Sue Arnold: Why you should never give a dog a clone

I can think of nothing I would rather do less than scrape the inside of Hannibal's one remaining ear
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The Independent Online

"It's simply too wonderful for words," gabbled my friend Gina, who loves Hannibal, her huge, shaggy 12-year-old mongrel, more than anything else in the world, and that includes her husband, Joe. Fortunately, Joe loves their other pets, a crow and a boa constrictor, better than anything including Gina, so they are a reasonably happy if eccentric ménage à cinq.

She was referring, of course, to the news that South Korean scientists have produced the world's first cloned dog, an Afghan hound called Snuppy, which will probably end up braised with seaweed and rice wine on the chief scientist's dinner table.

Despite several visits to the Orient - China, Japan, Malaysia, Hong Kong - where most restaurant menus feature canine dishes, I've never eaten dog, never knowingly at least. Once, on a visit to the tea gardens of Yunan, I found something resembling a small paw with tiny soft pink pads at the bottom of my soup bowl, but it might have been cat or monkey.

They weren't cloning dogs for consumption, said Gina, horrified; their motives were totally honourable. It was to push back the frontiers of veterinary medicine. But on the off chance that one day it might be possible to clone a favourite pet, she was going to have Hannibal's ear cut off (he only has one), when he's dead of course, and freeze it. At home, in her freezer, I asked? - making a mental note to avoid dinner with Gina and Joe.

If you haven't been following the Snuppy saga, you should know that they scraped the DNA from the inside of Snuppy's father's ear and injected it into the donor egg before inserting it into the surrogate mother, a labrador I believe. Having once spent two hours in Gina's car driving to Hampshire with Hannibal in the back seat whining, scratching, dribbling and suffusing the confined air of the interior with the fetid stench you usually associate with alleys in Old Tabriz, I can think of nothing I would rather do less than scrape the inside of Hannibal's one remaining ear.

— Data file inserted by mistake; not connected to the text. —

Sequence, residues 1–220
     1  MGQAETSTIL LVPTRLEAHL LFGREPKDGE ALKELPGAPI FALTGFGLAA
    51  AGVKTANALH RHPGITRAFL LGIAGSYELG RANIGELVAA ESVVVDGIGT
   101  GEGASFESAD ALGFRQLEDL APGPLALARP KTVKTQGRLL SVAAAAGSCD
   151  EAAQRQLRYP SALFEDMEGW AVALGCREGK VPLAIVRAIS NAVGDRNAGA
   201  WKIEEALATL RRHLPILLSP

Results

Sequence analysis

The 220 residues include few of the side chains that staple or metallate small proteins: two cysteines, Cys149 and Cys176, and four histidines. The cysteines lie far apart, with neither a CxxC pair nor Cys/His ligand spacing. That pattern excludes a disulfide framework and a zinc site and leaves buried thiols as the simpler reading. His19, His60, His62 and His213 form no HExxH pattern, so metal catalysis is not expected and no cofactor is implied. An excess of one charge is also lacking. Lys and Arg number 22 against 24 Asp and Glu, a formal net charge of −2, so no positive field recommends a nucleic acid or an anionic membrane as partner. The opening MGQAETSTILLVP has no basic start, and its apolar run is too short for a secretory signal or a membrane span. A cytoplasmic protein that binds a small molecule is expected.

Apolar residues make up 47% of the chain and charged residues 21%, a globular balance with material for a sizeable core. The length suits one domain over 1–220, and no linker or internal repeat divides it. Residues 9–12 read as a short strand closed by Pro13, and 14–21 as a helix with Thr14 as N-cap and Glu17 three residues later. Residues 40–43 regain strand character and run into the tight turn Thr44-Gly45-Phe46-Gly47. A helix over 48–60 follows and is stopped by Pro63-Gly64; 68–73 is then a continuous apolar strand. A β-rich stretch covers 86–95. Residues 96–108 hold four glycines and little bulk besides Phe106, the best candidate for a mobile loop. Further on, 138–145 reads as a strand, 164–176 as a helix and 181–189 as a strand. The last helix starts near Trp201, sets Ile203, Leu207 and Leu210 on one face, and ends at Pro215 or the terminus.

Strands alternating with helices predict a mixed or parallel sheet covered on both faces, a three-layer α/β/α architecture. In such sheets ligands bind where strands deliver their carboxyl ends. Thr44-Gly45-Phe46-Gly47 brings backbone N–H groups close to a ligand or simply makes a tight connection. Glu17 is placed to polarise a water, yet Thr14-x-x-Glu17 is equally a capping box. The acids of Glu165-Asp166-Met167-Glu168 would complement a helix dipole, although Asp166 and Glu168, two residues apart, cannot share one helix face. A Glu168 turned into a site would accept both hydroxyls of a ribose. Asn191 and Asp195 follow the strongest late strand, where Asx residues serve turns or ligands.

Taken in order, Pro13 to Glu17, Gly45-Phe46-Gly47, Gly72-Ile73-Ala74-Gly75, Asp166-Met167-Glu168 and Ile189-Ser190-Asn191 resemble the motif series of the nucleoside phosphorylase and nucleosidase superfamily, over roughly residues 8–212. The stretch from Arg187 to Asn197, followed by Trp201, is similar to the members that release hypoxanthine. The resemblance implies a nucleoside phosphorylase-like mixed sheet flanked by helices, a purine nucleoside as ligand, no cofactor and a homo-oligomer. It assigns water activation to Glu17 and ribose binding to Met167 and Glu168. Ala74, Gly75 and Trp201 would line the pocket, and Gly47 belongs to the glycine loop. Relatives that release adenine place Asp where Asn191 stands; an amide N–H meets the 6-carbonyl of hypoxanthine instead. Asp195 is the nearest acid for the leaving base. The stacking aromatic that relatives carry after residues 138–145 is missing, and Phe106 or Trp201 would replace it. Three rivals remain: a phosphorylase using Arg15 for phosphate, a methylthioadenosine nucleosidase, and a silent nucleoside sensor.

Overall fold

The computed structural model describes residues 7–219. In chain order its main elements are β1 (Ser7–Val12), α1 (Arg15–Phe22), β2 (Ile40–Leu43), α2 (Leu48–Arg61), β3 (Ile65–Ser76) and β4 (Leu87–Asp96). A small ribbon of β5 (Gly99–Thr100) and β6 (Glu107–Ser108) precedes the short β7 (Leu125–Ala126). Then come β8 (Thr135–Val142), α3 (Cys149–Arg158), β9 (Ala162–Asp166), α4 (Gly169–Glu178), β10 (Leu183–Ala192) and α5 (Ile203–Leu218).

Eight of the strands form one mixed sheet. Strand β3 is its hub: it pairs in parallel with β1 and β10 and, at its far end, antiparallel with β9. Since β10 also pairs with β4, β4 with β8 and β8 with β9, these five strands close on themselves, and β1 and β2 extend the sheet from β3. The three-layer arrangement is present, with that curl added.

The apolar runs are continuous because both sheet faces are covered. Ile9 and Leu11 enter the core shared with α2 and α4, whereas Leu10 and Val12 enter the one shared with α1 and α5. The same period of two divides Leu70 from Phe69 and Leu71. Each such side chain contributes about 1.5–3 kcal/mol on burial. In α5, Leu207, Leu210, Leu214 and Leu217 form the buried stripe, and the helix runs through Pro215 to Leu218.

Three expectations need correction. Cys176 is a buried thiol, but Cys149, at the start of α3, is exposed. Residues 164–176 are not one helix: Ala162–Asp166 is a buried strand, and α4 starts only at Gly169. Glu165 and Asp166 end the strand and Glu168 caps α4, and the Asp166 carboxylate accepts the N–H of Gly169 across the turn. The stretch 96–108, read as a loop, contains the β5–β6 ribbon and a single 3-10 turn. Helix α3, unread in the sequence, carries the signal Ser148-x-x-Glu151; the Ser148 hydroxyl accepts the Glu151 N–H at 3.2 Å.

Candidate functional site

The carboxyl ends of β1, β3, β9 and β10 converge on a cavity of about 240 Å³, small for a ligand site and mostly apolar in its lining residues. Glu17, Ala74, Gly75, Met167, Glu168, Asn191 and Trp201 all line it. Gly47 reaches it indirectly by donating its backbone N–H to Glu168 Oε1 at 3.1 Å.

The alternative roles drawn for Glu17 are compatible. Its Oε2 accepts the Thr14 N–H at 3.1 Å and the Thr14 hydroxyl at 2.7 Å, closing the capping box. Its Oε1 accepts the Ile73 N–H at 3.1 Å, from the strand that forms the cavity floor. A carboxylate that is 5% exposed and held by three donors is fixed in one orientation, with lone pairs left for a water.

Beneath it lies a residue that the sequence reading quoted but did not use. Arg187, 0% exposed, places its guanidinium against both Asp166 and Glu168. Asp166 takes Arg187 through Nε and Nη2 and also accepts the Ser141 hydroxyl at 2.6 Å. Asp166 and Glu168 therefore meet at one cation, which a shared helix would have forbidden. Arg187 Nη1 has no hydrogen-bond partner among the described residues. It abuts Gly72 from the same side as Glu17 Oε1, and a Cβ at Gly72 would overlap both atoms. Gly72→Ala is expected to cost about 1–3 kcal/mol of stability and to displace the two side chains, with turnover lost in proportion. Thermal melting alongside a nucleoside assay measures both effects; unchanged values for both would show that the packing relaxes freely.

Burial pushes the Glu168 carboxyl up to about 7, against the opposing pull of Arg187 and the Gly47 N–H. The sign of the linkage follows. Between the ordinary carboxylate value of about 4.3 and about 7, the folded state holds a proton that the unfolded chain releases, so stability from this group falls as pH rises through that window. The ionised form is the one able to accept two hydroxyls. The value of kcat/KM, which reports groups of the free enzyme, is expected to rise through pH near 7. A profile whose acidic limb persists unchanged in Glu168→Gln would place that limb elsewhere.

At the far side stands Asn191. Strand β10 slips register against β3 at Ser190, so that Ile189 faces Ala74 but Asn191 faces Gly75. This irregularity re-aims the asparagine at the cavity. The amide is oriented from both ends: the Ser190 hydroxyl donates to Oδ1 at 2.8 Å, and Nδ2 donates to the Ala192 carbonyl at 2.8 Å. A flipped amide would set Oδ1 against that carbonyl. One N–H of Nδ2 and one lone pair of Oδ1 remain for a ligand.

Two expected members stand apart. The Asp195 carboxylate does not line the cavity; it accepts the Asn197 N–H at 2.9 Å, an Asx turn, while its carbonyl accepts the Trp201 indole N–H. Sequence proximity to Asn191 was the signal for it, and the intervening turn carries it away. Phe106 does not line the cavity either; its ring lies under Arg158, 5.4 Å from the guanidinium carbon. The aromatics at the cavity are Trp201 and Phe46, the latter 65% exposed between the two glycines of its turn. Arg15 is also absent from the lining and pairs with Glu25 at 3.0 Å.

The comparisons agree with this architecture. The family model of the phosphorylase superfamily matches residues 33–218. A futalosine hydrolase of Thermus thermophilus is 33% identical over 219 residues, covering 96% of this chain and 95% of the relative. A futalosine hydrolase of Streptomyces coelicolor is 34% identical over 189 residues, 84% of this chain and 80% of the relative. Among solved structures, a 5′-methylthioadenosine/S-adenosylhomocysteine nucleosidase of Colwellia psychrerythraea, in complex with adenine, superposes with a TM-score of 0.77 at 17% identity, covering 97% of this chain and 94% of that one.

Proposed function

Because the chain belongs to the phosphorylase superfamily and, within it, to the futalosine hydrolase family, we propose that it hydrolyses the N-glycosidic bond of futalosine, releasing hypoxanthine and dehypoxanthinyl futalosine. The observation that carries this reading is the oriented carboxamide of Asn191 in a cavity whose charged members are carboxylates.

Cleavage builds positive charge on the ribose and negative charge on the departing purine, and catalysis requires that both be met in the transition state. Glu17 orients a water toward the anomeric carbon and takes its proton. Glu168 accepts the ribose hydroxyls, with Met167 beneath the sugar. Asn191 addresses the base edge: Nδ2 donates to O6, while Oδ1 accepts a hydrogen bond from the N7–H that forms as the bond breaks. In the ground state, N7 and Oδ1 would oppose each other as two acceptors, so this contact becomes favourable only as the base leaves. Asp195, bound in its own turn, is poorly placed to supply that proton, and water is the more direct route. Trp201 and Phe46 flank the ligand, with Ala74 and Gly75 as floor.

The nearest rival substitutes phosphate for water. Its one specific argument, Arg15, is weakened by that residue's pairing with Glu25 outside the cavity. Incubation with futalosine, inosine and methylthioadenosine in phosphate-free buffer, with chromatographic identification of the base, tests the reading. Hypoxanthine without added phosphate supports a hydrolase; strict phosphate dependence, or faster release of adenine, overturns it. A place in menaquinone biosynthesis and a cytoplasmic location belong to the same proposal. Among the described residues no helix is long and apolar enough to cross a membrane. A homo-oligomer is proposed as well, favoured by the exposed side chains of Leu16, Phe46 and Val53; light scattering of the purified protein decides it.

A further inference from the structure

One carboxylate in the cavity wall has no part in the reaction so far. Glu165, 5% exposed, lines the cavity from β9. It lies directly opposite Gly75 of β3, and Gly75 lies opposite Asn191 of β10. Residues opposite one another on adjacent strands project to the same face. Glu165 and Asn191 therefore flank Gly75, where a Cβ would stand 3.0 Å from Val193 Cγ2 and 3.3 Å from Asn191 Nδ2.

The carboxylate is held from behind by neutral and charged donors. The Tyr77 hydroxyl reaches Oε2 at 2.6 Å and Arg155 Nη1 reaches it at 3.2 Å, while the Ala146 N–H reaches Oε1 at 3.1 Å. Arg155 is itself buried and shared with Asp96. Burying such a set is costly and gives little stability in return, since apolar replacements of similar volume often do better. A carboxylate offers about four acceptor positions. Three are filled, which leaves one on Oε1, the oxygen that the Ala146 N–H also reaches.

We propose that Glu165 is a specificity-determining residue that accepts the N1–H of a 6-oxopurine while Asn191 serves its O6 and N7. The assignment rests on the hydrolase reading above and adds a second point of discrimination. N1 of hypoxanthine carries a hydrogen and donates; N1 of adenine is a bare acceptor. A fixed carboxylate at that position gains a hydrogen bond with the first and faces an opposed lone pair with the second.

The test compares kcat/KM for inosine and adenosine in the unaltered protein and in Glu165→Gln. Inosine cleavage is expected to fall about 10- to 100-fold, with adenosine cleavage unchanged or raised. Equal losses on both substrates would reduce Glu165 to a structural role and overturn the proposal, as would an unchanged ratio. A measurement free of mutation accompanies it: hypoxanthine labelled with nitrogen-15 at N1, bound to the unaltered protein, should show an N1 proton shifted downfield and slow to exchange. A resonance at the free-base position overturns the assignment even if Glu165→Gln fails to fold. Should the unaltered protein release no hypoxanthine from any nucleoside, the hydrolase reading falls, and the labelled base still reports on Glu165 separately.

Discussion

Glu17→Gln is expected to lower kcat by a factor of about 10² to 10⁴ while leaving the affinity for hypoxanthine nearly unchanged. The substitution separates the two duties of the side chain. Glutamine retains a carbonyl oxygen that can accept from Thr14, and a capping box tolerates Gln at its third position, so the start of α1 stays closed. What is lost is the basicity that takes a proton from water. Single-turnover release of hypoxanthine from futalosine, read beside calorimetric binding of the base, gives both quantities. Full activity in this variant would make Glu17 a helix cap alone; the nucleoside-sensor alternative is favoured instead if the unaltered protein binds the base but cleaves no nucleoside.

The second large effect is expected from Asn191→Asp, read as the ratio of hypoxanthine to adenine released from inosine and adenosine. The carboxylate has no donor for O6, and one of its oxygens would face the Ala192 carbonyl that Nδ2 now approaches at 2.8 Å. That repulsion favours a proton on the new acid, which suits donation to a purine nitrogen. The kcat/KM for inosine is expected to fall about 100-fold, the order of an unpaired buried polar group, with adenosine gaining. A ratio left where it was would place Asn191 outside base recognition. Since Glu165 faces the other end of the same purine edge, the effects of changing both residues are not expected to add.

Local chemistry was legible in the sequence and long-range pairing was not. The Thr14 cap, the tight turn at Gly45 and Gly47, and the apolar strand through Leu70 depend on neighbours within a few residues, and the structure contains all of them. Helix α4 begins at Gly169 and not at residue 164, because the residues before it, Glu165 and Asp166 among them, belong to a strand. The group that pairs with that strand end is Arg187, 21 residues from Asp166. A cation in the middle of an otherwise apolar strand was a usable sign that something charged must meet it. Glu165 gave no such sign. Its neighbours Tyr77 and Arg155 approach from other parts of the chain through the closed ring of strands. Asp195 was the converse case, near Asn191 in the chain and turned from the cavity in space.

What's left of it. The fight that saw off his right ear all but did for his left, which is raw and frayed, oozes intermittently and is usually covered with flies.

That's the trouble with dog lovers. They're blind to the basic social niceties. They wouldn't dream of taking a cantankerous, incontinent, malodorous octogenarian great aunt on a two- hour drive in the back of a car, but they think nothing of inflicting their antisocial dogs on you.

The idea of cloning Hannibal is repugnant. The first time I met him, he bit me, admittedly more a nip than a bite, but while I'm bound to agree with Gina that his bark is worse than his bite, his halitosis beats both, hands down. If you can teach chimpanzees to pour tea, why can't dogs be taught to brush their teeth?

I'll probably change my tune about dogs when I'm old, cantankerous and incontinent with no one to love me but a smelly old pooch. Unless, of course, I get a cat like Meg, my mother's 16-year-old moggy. Now there's a pet I wouldn't mind cloning.

Unlike dogs, cats are meticulous about personal hygiene and can be just as friendly. There are many other ways a pet can show affection other than Hannibal's wild stampede as soon as the doorbell rings, followed by huge forepaws on your chest and an even huger tongue slavering all over your face. There's Meg's deep-throated purr as she rubs her smooth back against your legs, and for the connoisseur like Joe there's Boa, his constrictor, slivering down the banisters, her tongue darting expectantly for the kiss he always gives her. Ugh.

The greatest proof of affection an owner can show his pet must be to have it cloned, I suppose, though I once sat next to a nutter who said he never went anywhere without his stuffed, dead Siamese cat called Fu Man Chu or Phooey for short. It was a TV programme about pampered pets, and halfway through he reached under his chair for a wooden box and produced Phooey who looked exactly like one of those zip-up pyjama cases, except it smelt of formaldehyde.

The nutter said it was the ultimate proof of his love. I said I loved my mother but I didn't intend to stuff her and carry her about in a box. I wonder if anyone loves Snuppy. What was that - did I hear someone say delicious?